Adopting a lean web app server infrastructure based on nginx (part 1/3)

Introduction

Modern web applications build with isomorphic JavaScript frameworks (JavaScript both on client and server) can be easily deployed to web servers other than Microsoft's IIS. In fact, there are ways to run NodeJs on IIS but, without going here too deep into technical details, that really feels for me like a very strange marriage.
But wait, even when you want to stick to a .Net based application, you can use nowadays Linux instead of a Windows server.
In short, reasons enough to explore this (new) route.

Our (playground) infrastructure

Before starting to talk about nginx (so the counterpart of IIS on Linux, well at least my favorite web application server on Linux, there are other options), let's first see how you can set up at a very low cost a Linux server that is available over the internet.

Option 1 : a Raspberry pi

No, this is not a joke. I'm currently running a raspberry pi at home with Linux installed (pretty much the only option) and it has, among others, nodeJs and MongoDb installed.
The raspberry pi is simply connected to my home router and luckily my internet provider allows me to use port 80, so it's publicly available. Obviously, I did set up the DNS accordingly.
The following pictures show my pi in my office. I should definitely buy a decent case for that little baby.

My raspberry pi at home

I installed, as kind of test a copy of my previous pragmaswitch blog (which I imported in Ghost).
Currently (January 2015) it's available here, but I might use it later on for other purposes. You might notice it runs pretty fast !
Although you could, I'm not pretending you should install production applications on a raspberry pi, but it is definitely a very good choice as staging environment. Since it has a low cost processor, you will notice quite easily performance problems in your application. Even for a blog (in production mode) it would be a great choice if you want a real very low cost solution. You only need to work out a decent backup strategy. It's really low cost because you have not the variable cost of a hosting provider and when it comes to energy consumption: a raspberry pi is connected to a cell phone charger and runs on 5 Volt, so Greenpeace will not protest !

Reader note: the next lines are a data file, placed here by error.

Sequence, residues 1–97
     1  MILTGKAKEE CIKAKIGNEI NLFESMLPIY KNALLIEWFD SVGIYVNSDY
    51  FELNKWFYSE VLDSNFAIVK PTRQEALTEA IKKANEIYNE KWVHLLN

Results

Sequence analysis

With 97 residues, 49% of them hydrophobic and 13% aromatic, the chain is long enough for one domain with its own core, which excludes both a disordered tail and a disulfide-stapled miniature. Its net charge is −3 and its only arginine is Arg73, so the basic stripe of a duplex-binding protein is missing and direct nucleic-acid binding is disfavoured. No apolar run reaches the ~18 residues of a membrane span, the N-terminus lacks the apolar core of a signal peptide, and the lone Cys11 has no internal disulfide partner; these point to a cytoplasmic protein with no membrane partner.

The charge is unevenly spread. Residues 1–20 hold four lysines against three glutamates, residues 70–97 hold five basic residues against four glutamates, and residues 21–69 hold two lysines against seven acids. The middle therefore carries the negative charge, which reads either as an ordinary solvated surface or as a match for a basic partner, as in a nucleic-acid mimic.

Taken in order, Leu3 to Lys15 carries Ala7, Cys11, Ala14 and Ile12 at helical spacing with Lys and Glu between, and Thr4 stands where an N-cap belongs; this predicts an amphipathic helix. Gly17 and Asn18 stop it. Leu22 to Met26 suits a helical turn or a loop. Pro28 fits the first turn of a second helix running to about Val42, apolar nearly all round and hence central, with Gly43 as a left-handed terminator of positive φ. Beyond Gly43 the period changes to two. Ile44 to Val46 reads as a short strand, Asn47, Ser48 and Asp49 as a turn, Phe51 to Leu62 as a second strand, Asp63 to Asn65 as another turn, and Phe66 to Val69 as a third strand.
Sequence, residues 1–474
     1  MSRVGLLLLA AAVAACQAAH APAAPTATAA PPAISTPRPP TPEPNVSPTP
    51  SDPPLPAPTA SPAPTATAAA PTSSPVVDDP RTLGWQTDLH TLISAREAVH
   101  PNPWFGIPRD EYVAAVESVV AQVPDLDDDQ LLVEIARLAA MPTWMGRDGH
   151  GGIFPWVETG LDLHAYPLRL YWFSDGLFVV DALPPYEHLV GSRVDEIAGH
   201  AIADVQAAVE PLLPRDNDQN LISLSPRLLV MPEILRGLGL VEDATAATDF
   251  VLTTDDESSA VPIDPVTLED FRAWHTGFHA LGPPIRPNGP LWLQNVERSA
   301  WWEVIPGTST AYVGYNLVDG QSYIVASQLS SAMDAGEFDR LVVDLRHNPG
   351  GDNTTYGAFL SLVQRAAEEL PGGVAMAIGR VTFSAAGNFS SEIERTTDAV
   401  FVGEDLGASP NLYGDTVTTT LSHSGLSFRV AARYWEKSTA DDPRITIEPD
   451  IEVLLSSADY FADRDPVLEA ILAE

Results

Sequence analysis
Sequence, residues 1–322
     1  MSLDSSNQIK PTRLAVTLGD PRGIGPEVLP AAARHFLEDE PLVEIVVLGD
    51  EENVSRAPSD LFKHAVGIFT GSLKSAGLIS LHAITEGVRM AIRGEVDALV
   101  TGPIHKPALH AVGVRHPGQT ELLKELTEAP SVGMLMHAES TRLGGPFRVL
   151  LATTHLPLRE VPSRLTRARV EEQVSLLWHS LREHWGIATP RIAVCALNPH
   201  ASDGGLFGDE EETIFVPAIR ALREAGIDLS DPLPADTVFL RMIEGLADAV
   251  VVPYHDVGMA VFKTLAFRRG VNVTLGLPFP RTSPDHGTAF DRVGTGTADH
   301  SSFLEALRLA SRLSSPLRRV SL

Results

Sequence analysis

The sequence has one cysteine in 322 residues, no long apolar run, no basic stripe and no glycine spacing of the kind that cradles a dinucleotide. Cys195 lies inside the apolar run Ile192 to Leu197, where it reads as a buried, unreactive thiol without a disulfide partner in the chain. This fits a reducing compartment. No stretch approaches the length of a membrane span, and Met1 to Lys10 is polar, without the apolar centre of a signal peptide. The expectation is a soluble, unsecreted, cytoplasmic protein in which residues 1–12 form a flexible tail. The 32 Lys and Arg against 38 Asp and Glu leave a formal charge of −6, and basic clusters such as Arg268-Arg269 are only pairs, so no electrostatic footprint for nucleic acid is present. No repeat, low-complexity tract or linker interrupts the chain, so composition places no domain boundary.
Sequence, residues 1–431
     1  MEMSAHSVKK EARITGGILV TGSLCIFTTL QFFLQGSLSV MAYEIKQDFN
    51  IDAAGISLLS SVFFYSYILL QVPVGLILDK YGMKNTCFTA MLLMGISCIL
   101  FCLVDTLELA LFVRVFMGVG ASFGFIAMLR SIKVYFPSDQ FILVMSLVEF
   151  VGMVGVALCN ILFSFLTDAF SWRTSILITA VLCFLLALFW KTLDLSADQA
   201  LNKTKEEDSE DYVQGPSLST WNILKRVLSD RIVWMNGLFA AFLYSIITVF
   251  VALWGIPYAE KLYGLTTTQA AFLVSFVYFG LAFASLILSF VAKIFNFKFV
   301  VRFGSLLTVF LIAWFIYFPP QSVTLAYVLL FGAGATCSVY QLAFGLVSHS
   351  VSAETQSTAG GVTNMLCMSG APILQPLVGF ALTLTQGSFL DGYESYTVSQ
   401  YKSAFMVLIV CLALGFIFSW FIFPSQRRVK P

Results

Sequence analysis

Option 2: azure

Microsoft understood quite well the power of Linux and they offer nowadays great support for e.g. Ubuntu servers.
Let's quickly walk through the steps to setup an Ubuntu server. It's very straightforward.

Create a new virtual machine from the azure management portal

Azure

Select the Ubuntu server template

Azure

Provide a name and user

You can work with a user name/password combination or optionally provide directly an SSH key.
It's always possible to add the RSA public key afterwards and disable login via username/password on the Linux box. In case you are not familiar with generating RSA key pairs, it's best to go first for the username/password approach. But note that for serious work, you should definitely use RSA !
Azure

Select a region

Azure

Add an endpoint

Azure

Select http as endpoint

Azure In case you plan to use SSL on your web app server, add also the 443 port for SSL.

Log into your server via ssh

The best choice, when connecting from a windows machine, is here to use putty. In case you connect from a mac or a Linux machine, SSH is available directly from the command propmt.
Azure

Option 3: digital ocean

My favorite ! Digital Ocean is definitely a more democratic option. Their plans starts from 5$ a month for full root access to a Linux box making use of a solid state drive !
The steps to create a 'droplet' (that's their name for a virtual machine) is so simple that I won't go further into detail here.

What's next?

In the next episode, we'll install our web server on the Linux box and install something on it. But we'll also explain why I selected Nginx. Which option you selected above is irrelevant.
Stay tuned !